On this weekend of the first yahrtzeit of the Pittsburgh massacre, tomorrow morning in Talmud we are going to shine the light on a heartbreaking pattern in the Torah and in Jewish history: first comes suffering, only later can we get to blessing.
First slavery, then freedom. First wandering in the wilderness, then entering the promised land.
That is the biblical paradigm tragically etched in our lived history as well.
First the Holocaust, then Israel. First Yom Hazikaron (remembering Israel’s fallen soldiers), then Yom Haatzmaut (celebrating Israel’s independence).
First suffer, then be blessed, has been part of God’s plan for us since the beginning.
God said to Abram: Know well that your offspring shall be strangers in a land not theirs, and they shall be enslaved and oppressed four hundred years; but I will execute judgment on the nation they shall serve, and in the end they shall go free with great wealth. (Genesis 15:13-14)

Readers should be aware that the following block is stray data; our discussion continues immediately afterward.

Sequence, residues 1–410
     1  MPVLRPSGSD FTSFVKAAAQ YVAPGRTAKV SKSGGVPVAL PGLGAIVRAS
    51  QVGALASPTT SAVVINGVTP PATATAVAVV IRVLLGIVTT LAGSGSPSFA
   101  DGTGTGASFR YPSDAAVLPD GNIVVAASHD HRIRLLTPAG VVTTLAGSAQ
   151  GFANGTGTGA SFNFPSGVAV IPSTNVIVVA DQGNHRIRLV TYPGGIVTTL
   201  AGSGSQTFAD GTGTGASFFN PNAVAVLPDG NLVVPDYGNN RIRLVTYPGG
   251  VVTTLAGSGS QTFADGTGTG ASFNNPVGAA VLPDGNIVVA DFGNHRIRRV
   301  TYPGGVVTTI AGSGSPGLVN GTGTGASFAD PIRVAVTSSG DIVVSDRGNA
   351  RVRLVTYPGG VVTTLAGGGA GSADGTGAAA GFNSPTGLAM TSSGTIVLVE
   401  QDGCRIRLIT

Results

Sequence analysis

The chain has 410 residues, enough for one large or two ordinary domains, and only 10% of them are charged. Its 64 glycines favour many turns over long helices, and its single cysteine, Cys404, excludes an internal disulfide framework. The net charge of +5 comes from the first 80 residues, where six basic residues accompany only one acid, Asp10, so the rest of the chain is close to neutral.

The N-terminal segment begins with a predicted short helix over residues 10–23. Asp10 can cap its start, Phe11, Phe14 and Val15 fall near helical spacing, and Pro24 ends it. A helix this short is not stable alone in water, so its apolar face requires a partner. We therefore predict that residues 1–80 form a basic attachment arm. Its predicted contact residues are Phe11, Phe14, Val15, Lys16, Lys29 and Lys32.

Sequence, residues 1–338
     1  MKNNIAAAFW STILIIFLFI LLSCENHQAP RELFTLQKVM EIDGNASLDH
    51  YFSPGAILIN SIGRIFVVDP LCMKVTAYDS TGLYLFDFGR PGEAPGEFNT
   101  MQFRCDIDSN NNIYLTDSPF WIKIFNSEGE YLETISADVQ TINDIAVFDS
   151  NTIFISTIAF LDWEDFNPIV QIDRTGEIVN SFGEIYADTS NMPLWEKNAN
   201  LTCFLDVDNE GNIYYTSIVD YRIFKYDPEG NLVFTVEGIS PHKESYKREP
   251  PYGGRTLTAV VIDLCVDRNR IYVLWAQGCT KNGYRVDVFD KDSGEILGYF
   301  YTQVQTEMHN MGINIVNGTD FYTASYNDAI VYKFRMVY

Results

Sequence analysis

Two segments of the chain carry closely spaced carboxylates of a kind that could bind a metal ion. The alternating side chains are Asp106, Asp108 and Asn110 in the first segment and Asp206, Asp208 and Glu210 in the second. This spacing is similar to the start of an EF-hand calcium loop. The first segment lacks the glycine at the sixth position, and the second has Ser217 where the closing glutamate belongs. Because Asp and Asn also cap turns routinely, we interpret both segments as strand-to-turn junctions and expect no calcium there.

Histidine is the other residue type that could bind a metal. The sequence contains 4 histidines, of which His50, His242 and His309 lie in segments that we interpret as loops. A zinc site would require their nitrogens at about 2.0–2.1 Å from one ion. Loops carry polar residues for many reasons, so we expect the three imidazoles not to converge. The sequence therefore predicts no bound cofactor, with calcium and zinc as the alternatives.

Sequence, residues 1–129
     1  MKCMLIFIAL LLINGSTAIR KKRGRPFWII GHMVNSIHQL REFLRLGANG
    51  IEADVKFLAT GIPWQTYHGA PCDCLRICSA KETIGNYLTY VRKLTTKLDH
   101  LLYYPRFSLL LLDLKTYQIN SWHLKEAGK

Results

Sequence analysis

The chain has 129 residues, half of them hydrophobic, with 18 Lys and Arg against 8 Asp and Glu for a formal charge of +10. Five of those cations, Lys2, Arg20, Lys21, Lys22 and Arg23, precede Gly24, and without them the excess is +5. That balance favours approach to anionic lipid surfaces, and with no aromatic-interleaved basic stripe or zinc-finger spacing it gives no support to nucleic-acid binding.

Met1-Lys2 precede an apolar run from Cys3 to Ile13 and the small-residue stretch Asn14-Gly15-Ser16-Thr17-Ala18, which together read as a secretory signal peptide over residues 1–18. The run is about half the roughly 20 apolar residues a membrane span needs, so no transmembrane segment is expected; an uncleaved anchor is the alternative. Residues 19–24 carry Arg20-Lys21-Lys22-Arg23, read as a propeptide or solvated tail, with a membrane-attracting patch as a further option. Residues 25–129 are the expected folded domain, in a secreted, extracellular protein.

Tomorrow morning we confront this mysterious and inexplicable intertwining of suffering and blessing. We would not have picked it. We do not want it. We do not like it. But this pattern of suffering and blessing are intertwined, and suffering comes first, echoes not only in our sacred texts, but in our sacred and often tragic history.
What does it mean for us as we reflect on Pittsburgh?
See you tomorrow at 8:30.